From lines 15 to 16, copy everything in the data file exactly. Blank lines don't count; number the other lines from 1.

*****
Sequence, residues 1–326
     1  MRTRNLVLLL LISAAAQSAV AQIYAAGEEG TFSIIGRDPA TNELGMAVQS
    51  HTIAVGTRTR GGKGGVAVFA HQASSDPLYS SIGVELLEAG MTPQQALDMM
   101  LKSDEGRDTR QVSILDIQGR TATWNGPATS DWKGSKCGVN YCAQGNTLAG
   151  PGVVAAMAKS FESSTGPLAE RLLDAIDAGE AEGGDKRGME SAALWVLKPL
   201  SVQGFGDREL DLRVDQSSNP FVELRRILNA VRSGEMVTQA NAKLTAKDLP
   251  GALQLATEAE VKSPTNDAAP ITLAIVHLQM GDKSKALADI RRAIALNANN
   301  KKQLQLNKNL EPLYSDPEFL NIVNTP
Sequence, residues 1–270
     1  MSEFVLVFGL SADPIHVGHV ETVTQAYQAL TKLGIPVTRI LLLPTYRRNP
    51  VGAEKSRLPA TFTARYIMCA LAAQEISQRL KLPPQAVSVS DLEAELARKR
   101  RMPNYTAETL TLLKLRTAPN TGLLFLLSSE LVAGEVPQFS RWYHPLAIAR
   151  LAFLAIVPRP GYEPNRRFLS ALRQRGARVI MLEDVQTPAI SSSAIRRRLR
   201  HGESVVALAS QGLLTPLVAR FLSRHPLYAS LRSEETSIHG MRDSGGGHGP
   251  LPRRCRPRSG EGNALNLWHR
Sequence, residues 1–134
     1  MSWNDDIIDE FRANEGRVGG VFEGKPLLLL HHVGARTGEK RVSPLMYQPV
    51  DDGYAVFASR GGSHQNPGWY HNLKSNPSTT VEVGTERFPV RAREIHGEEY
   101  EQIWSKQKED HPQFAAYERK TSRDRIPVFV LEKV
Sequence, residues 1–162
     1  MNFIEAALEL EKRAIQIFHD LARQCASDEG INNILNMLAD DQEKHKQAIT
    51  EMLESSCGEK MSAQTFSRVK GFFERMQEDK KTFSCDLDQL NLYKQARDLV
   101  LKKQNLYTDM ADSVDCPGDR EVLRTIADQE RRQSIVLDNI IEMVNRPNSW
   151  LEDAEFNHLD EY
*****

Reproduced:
   251  LPRRCRPRSG EGNALNLWHR
Sequence, residues 1–134